My preferred scheme is to use servers with dual power supplies with each power supply being plugged into a separate UPS and finally each UPS going to a separate breaker. This will help prevent a single point of failure. For example:
- If a server power supply fails, then the second power supply will keep everything up and running normally.
- If one of the two UPSs has a problem, then the other UPS will keep everything up and running normally
- If a circuit breaker trips, then the other circuit will stay up and everything stays up and running.
If there is a power failure, then the two UPSs will share the load and the power will stay up longer.
With that in mind, when the dual power supply scheme is followed, I size everything as if it is the only source of power. Because if something fails, it just might be the only source of power.
Sizing a UPS
You need to determine what must be kept alive by each UPS. Make a list of each item and its power requirements. Each piece of equipment is likely to have its power requirements specified in Volts and Amps. Most modern equipment can now automatically do its adjusting for voltage based on the supply being used. It is not uncommon for voltage to be expressed in a range such as 100-240 volts (or something similar). This means that you can plug this piece into an outlet without concern if the voltage falls within that range.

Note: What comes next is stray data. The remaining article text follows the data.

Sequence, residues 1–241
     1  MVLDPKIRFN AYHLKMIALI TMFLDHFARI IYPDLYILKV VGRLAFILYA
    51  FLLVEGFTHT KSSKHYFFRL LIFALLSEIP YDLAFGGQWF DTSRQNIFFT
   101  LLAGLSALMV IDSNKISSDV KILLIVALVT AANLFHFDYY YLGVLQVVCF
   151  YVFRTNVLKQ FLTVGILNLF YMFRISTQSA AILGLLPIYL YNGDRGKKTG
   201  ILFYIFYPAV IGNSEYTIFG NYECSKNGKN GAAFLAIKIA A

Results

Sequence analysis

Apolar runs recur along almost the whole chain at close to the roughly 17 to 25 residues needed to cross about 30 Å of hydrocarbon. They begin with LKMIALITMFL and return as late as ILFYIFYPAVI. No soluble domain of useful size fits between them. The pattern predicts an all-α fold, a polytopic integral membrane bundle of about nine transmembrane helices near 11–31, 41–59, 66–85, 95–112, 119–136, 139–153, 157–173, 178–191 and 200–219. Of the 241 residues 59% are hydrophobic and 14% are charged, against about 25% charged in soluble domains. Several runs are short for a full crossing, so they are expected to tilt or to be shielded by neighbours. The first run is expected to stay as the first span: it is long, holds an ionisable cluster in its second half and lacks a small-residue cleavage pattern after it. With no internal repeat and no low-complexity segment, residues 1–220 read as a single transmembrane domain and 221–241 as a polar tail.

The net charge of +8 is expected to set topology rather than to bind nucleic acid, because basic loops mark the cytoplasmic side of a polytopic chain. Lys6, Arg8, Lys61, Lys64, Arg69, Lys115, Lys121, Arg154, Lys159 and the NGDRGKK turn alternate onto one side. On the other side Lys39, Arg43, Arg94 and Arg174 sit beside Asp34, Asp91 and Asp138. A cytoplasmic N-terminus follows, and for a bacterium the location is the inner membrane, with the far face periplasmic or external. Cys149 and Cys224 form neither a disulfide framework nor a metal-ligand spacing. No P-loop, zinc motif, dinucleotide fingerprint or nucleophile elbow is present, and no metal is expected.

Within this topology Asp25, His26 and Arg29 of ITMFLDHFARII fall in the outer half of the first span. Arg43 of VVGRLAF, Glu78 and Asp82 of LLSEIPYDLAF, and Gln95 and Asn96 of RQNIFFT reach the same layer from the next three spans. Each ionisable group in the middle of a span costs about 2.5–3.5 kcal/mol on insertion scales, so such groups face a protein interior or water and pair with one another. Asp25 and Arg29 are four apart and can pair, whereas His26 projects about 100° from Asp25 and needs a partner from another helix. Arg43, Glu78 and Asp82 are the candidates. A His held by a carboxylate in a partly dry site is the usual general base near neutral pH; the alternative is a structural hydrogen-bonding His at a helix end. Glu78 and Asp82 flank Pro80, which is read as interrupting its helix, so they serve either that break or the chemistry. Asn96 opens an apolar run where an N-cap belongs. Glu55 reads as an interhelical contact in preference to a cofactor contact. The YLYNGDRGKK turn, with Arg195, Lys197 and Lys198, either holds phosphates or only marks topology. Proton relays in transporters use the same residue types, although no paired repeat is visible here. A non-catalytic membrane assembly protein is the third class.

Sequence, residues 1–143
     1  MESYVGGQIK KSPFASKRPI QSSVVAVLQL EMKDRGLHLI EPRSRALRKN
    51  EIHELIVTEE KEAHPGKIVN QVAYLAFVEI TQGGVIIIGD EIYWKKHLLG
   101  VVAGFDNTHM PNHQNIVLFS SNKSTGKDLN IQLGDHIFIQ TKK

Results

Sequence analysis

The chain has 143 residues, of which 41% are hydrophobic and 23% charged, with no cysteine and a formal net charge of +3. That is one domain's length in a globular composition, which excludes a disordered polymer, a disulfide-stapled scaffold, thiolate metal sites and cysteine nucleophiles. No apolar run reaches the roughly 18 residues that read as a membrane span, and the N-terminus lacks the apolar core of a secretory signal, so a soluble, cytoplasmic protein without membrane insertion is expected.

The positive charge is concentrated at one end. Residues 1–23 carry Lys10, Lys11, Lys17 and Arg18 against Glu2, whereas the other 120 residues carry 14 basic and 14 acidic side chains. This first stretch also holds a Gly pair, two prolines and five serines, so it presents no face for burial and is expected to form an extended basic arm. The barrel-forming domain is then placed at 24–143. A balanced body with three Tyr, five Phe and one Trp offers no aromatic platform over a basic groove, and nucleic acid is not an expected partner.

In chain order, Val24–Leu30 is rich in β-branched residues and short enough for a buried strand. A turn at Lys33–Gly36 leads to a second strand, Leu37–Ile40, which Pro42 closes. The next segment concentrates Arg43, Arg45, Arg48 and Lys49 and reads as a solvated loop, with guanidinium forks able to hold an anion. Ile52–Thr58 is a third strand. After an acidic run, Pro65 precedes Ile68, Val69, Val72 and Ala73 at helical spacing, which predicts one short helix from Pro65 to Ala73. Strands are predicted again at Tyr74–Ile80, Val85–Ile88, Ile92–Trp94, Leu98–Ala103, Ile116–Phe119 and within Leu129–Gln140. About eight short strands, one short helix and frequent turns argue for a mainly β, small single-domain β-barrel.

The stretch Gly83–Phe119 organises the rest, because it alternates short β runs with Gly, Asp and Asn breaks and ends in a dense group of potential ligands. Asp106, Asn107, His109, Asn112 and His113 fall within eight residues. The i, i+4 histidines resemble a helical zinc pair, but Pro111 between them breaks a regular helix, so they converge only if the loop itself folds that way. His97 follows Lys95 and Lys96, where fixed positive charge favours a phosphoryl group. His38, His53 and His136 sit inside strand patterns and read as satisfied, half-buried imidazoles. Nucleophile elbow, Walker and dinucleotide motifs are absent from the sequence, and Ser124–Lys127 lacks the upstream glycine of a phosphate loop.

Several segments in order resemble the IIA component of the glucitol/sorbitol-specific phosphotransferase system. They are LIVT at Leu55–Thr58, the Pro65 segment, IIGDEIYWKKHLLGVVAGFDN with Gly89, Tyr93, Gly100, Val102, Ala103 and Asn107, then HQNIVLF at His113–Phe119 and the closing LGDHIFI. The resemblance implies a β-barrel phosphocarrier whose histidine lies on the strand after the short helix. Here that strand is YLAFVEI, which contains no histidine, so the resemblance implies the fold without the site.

For the sake of this exercise, we are going to consider the voltage to be 120-volts. The voltage is likely to be 117 volts AC here in the US, but we will use 120 volts to keep things simple.
Next, we have to know the volt-amps of the equipment. If it is stated on the label, then you are ahead of the game. It is often not stated. The current stated on the label is the peak that it will draw. Chances are very good that it will draw less. I have a server that says that its Amp rating (usually abbreviated as “A”) is 5 or 5-amps. To calculate the Volt-Amps, multiply the voltage (in this case 120-volts) by the amps (in this case 5-amps) and that will yield 600 volt-amps.
Repeat these calculations for every piece of equipment that will be plugged into the UPS. Add up the total VA. That will be the total VA when the equipment is operating at full load. You can take some relief in the fact that your calculations will be higher than actual values so you will be building in some margin of safety, which is good!